On personalities or on small affairs he could be perverse. No one could ever talk him out of the delusion that Jean Monet had tried to subvert him with a Christmas gift of a case of Monet cognac, and he could never understand why Roosevelt had failed to keep him--a lifetime dedicated Republican--in high office in the New Deal.
He could wield a sharp tongue whether the person whom he sliced up deserved it or not. At a large luncheon gathering, I remember, he observed one of Washington's most prominent businessmen suddenly scurrying from the room. To his own table companion Butch observed, "The speed of his departure is matched only by the shadiness of the deal he has just been called on to tend to."
Like almost every other journalist in town--and a large proportion of top non-congressional officials--he knew that Bernard M. Baruch was a self-aggrandizing phony, but, also like those other journalists and officials, never said so too loudly. Butch had better reason than most to know the facts, for they had worked together so long, first in Wall Street, then on materials procurement in World War I.
Butch claimed that it was he who advised a jittery, indecisive Baruch the day before he was to face an interrogation on the evils of Wall Street from a hostile congressional committee, how to identify himself when asked the first question on what was his profession.
"Say you're a speculator," Butch advised. Baruch did so. The astonishing candor and sheer brassiness went down well, as Meyer knew they would, and helped make a national name for the incipient "Elder Statesman."
To a discreet audience, Butch Meyer was
fond of telling how in their early days of in vestment banking he and Baruch had under written a securities issue which, on the morn ing it was offered, looked like a disaster. By 11
a.m. Baruch was in Meyer's office shaking and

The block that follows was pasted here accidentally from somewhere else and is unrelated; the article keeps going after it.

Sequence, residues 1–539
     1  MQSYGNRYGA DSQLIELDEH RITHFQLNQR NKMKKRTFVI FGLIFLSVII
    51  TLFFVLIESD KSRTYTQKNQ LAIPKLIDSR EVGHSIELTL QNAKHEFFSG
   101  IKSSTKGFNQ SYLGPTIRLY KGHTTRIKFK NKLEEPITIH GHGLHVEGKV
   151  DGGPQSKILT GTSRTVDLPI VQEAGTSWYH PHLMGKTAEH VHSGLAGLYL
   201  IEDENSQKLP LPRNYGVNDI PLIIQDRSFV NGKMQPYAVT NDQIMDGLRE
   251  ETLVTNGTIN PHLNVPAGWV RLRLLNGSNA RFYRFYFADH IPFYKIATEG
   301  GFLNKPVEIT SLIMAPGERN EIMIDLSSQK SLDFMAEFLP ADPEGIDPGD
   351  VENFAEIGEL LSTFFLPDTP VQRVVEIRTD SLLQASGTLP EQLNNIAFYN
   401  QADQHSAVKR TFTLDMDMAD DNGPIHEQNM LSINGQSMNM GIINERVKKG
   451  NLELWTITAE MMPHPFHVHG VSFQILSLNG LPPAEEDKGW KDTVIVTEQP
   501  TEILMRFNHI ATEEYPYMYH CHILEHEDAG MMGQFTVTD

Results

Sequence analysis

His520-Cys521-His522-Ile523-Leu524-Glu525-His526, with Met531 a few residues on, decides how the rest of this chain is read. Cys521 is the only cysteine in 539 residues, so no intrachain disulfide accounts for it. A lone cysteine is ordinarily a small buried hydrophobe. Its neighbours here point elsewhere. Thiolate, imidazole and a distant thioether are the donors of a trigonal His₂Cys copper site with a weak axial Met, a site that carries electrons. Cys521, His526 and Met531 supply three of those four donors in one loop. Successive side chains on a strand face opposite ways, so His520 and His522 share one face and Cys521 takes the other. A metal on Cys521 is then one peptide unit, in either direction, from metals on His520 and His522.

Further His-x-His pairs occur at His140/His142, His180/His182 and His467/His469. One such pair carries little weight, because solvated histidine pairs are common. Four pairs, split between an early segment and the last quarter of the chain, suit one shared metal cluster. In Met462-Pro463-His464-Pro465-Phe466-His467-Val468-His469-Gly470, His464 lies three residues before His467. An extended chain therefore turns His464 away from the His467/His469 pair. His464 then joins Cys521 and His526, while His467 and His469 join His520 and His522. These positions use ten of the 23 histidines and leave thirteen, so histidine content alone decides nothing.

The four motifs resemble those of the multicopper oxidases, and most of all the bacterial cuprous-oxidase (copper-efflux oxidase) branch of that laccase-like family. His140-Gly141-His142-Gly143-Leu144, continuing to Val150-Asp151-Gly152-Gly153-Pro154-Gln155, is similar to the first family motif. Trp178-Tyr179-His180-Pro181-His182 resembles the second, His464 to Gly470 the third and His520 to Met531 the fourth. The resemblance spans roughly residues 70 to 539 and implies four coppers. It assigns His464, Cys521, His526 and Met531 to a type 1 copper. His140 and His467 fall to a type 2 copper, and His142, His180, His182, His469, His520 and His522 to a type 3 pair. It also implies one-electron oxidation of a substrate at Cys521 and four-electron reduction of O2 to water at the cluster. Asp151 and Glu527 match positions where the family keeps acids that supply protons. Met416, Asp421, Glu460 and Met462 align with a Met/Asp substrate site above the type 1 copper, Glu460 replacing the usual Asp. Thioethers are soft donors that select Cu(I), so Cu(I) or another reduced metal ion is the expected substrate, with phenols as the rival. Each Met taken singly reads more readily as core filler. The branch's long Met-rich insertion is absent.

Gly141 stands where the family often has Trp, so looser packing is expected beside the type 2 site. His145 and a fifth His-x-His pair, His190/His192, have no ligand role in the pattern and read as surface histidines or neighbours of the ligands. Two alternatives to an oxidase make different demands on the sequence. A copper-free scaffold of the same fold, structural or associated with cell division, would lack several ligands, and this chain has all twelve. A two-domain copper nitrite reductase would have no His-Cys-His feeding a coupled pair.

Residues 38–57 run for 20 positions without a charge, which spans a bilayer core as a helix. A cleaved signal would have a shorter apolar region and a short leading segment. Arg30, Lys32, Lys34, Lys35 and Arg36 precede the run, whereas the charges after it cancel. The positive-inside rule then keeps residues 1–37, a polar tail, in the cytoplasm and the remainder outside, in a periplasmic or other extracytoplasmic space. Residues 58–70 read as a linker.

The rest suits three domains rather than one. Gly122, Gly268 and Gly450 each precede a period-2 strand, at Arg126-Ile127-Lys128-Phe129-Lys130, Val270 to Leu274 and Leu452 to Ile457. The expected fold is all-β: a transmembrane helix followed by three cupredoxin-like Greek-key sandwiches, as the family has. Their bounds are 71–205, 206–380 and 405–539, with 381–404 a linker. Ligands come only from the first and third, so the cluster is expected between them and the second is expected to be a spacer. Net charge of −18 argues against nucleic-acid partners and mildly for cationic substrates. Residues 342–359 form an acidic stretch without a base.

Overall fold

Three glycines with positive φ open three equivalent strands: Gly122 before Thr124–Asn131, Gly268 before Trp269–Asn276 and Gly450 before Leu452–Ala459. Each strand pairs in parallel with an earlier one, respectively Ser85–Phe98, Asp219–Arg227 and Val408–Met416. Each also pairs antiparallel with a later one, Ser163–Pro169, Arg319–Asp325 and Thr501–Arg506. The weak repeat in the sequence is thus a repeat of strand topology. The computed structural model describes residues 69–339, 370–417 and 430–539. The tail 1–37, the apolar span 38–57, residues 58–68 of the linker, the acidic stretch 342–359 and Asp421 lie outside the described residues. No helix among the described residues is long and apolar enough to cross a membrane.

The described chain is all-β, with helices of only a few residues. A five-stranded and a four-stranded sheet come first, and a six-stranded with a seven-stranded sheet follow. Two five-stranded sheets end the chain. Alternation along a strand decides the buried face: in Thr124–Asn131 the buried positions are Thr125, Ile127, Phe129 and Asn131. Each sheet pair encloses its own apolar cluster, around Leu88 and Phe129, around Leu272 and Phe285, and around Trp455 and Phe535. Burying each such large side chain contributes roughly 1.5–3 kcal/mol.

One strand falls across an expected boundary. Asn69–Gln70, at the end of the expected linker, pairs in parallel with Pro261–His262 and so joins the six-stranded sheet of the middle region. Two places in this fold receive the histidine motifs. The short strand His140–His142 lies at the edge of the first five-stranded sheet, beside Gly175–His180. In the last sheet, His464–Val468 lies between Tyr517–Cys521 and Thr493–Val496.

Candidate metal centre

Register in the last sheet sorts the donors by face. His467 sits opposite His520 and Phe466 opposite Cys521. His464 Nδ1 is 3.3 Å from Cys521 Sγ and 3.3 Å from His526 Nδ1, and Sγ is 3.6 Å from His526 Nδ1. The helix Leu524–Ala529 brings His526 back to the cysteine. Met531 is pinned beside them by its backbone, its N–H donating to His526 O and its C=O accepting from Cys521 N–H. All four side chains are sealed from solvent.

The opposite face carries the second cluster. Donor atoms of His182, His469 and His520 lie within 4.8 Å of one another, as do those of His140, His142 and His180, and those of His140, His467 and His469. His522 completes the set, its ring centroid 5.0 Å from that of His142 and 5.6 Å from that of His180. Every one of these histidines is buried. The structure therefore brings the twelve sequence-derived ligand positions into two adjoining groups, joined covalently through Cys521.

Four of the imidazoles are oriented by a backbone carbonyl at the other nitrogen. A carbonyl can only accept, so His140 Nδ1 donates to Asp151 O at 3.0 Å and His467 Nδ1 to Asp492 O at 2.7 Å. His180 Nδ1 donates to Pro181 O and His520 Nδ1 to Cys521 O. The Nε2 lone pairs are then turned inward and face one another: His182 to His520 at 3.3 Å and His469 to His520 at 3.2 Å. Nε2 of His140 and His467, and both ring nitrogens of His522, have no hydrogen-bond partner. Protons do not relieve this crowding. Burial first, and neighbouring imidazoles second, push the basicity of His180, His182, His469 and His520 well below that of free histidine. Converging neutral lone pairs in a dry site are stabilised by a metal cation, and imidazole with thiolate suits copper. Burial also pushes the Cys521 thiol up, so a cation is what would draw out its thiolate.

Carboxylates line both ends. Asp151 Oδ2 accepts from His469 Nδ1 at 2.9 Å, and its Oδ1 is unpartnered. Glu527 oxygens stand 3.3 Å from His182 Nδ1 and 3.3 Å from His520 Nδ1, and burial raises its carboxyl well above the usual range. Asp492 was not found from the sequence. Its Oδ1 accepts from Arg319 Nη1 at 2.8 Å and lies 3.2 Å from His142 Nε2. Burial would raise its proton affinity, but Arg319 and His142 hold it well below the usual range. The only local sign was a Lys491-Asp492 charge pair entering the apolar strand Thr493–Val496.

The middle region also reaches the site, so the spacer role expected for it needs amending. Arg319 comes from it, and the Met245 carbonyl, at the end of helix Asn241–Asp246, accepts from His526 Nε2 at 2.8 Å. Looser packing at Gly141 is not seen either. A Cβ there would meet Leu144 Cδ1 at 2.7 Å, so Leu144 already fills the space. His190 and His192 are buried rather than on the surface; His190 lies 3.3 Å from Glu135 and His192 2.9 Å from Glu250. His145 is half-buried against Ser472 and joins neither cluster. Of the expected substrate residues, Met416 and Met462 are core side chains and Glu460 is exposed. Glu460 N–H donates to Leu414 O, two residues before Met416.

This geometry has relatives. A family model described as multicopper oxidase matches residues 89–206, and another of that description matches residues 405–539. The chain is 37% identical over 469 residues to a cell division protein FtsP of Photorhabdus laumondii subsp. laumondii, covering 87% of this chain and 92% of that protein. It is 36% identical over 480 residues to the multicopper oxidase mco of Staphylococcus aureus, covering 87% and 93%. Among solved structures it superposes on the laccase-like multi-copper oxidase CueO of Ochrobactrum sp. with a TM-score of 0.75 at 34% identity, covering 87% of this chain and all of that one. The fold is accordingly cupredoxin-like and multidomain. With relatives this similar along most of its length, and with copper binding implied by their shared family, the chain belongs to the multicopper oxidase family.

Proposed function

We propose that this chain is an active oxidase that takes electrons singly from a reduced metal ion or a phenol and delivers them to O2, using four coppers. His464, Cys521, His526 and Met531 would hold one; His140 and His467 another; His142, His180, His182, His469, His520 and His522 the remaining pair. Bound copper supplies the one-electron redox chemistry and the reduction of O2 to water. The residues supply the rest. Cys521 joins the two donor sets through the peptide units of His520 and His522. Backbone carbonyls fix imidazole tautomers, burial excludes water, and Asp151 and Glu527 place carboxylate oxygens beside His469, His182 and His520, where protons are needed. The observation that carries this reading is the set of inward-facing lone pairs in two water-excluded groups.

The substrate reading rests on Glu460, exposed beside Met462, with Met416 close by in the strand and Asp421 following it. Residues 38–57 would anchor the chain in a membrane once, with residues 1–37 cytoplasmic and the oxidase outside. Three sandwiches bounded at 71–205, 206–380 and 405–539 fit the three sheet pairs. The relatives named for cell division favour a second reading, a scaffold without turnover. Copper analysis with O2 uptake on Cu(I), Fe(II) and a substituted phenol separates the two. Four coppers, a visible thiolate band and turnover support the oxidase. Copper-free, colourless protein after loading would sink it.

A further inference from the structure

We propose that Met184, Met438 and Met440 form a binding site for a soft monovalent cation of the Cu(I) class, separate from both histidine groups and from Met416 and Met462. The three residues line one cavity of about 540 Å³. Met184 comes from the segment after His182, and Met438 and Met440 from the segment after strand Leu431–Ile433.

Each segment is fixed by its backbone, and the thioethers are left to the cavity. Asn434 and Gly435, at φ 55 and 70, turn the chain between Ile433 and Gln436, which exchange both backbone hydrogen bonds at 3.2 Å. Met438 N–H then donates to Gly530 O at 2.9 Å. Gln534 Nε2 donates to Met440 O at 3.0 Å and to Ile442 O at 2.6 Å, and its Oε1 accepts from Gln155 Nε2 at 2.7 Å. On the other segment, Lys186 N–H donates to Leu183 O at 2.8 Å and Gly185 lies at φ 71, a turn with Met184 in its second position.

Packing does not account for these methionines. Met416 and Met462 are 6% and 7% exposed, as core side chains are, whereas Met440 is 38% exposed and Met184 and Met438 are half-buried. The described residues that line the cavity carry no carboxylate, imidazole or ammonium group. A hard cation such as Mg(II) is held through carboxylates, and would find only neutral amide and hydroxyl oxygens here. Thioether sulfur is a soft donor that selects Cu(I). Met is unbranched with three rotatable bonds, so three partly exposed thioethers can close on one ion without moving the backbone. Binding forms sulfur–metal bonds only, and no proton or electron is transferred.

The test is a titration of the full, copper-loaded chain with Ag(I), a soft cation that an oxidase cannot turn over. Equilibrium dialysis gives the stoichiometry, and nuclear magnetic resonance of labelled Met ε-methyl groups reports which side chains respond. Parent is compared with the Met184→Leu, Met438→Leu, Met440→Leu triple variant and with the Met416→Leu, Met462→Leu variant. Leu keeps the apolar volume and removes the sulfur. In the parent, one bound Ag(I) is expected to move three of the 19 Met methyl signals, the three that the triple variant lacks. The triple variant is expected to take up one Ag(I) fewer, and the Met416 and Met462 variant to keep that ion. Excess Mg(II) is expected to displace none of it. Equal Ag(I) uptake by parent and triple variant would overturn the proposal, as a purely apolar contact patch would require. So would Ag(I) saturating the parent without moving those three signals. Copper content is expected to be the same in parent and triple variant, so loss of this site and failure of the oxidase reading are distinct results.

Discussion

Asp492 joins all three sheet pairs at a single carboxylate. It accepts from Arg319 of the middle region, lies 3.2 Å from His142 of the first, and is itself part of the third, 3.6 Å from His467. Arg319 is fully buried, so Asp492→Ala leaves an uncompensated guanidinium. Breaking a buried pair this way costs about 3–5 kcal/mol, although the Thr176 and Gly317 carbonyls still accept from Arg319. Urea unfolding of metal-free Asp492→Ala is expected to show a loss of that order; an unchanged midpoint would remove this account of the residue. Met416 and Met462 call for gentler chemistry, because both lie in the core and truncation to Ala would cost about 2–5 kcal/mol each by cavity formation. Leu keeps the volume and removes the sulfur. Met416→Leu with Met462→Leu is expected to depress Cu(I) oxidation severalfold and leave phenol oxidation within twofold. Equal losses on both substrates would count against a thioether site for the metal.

wringing his hands. Bidding for the shares was
well below the asking price.
"Have someone from your office or mine an nounce from the steps of the sub-Treasury in
Wall Street that the offering price will go up
by two points at 12 noon," he claims to have
told his frightened co-financier. The an nouncement was made and the issue was
promptly sold out.
Envy may have played a part in some of his
stories about Baruch and other prominent fig ures, but pomposity genuinely irritated him,
and he took pleasure in deflating it. The often
retold account of one such feat particularly de lighted Post staffers. When he was still head of
General Motors, Charles E. "Engine Charlie"
Wilson was dining with Meyer in Washington
and boasting of the vast technical accomplish ments of his great auto empire.
"Can you believe it, 'Gene," he said, "once a
year during one short period we change more
than 4,000 parts to make a new model car."
"Interesting," replied the publisher of The
Washington Post. "We do that every night."
Along with Baruch and Wilson, Nature had
not short-changed Butch Meyer either in
handing out generous quotas of vanity. But I,
never found his abundant supply offensive.
Rather I thought it pleasant and amusing. It
was so open, so uncomplicated and so joyous that one could not help sharing his pleasure when his worth was publicly recognized. He had done well with his life and works, not for his own glorification but to serve his country and community. The evidence, in this city alone, needs no recapitulation here.